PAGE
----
• EVENT – to maintain calender and agenda based items, which expire after predefined intervals.
  • PROJECT – to store and maintain projects
  • SERVICES – to store and maintain services
  • PUB – to store and maintain publications, documents, references, file attachements etc.
  • PAGE – to produce and publish individual webpages
  • FILE – to produce and publish introductions and notes to listings, detailed views or forms.
  • DIR – to store and maintain addresses, profiles of organisations, membership information etc.
  • FORUM – to enable public or private discussions with threading of replies and use of mail.
  • MENU – to produce and maintain multi layered menus, navigation lists and required URLs and lables.
  • STYLE – to maintain and edit stylesheets on-line: visual control over the font styles in your site.


  • Using the menu application the administrator can maintain all navigation items in a site.
  • Each item can be labeled with a text and/or image.
  • Each item can direct to a manually entered URL link or selected from the application formats.
  • Each item can be positioned in one or more layers, up to four layers per menu.
  • Each item can be moved to another layer or position within a layer via a simple click.
  • Each layer of items has its own style sheet and design elements.
  • Each menu can be positioned on the webpage using simple x-y coordinates.
  • Each set of items and layers can be exported to a range of menu scripts that produce dynamical Javascript menus using horizontal or vertical listings of items. 


  • Content of forms can also be exported to a file or communicated via E-mail. This way messages or contributions or new users can be announced to others.
  • The orderform as included in the publication application is mailed to predefined users.
  • The messages in the forum application can be forwarded to e-mail addresses or mailing lists.
  • The forum application can also accept contributions via E-mail.


  • Homepage can have separate design as the general lay-out of the site.
  • It may contain listings or items of multiple applications.
  • Users can mark items as suitable for listing on the homepage.
  • A script for predefined query, order and selection of applications and items is available for automatical selection for a listing on the homepage. 

Conversion of existing sites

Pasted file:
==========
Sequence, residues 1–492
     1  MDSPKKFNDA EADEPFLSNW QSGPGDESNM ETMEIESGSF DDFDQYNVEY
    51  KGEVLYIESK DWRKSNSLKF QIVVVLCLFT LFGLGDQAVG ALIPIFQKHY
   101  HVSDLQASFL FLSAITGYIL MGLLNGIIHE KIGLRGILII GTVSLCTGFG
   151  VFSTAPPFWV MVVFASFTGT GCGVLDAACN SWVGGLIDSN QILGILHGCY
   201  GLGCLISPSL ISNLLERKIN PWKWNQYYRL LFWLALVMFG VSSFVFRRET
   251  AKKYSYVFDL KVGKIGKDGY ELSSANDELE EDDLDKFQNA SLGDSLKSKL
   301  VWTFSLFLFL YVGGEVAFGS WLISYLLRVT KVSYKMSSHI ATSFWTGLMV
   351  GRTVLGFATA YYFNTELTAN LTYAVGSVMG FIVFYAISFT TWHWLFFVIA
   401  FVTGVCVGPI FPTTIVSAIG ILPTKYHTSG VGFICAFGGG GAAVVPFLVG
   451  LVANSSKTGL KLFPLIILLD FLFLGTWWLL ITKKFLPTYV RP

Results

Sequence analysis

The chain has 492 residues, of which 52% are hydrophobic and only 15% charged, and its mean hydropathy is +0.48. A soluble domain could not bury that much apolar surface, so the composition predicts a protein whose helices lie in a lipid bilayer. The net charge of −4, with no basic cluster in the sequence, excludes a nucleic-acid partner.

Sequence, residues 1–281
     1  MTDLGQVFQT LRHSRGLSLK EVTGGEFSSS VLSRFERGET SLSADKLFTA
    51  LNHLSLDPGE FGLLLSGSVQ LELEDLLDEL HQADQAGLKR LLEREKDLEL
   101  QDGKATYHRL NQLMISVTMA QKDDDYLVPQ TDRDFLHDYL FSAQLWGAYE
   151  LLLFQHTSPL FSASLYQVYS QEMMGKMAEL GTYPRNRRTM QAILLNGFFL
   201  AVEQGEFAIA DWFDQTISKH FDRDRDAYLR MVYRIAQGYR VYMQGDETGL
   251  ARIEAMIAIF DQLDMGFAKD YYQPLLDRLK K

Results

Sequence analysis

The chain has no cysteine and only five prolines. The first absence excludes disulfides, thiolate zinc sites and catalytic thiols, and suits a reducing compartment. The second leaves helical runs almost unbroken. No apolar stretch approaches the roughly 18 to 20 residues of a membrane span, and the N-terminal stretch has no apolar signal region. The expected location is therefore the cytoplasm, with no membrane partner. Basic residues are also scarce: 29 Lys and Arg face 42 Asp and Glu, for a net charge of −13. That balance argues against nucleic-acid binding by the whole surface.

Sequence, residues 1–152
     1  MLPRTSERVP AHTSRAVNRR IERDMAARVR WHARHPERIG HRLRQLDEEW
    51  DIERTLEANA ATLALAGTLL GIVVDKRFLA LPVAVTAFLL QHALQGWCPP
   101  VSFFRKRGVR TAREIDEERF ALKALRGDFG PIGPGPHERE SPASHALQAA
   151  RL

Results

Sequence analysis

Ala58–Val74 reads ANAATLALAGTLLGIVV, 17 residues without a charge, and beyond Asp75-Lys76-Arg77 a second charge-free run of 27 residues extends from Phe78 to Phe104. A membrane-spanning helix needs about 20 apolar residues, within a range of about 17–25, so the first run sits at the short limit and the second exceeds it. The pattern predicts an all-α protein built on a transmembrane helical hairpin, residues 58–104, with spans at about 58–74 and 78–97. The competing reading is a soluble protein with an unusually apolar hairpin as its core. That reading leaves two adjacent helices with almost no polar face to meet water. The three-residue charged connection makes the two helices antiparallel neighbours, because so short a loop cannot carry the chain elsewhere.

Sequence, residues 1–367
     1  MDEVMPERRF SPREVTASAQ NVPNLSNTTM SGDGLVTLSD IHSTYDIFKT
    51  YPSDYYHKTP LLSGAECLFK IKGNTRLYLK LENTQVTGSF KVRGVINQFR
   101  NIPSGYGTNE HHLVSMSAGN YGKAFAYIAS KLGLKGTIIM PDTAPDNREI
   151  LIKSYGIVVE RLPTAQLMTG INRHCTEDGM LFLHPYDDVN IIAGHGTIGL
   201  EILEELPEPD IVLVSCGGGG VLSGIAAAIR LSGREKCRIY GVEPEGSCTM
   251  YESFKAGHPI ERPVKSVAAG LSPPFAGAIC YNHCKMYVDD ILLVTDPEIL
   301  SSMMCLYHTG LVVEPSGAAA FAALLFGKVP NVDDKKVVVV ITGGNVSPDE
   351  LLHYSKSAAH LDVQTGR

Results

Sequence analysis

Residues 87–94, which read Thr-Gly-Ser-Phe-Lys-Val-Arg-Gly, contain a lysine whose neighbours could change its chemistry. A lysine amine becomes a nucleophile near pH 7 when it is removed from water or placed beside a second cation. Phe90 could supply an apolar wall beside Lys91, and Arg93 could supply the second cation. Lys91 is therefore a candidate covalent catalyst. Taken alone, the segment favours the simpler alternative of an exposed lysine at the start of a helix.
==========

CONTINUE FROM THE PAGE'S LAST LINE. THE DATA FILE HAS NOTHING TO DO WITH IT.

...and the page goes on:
The easiest way to convert an existing website is to extract the HTML code that produced the design and navigation and store them in the Cobra header- and footer file. After which via one or more applications the existing content is converted via normal copy and paste functions under Windows from the old webpage or authoring documents to the on-line forms of the Cobra based application.

But also existing Content Management Systems that store content dynamically in a database server can export their content in a dump format that easily can be converted into the SQL database that Cobra applications use. 

Likewise Cobra applications can produce Comma Separate Values (CSV) files or SQL dumps that other Database applications or servers can accept. Cobra applications can work in principle with any ODBC linked database application or server. 


  • Antenna Geneve: English, french, spanish click on the flags for appropriate language version
  • NIZA: English, dutch click on the bottom bar for english version, this platform contants 4 different sites: NIZA, Fatal Transactions, Citylink Amsterdam Beira and Zimbabwe Watch. Note that the opening page is automatically adapted when within an application an item is marked of flagged for publishing in a list on the homepage.
  • Dutch Platform sites (sharing COBRA applications)
    1. National Parks: overview of all national park sites in the Netherlands that all share the use of a central database and the same navigation and design. Only logo and pictures and the text content is different of course.and various others
    2. Borderpark: One park (border park) uses the database and COBRA applications but has their own design and navigation 
    3. Emancipation: the umbrella site for the provincial Emancipation Bureaus in the Netherlands. Note that the opening page is automatically adapted when within an application an item is marked of flagged for publishing in a list on the homepage.
    4. one of these bureaus using the same database but with their own design except the navigation.
  • Webdiscussions: The Cobra Forum application is presented in a separate page
Content management using Cobra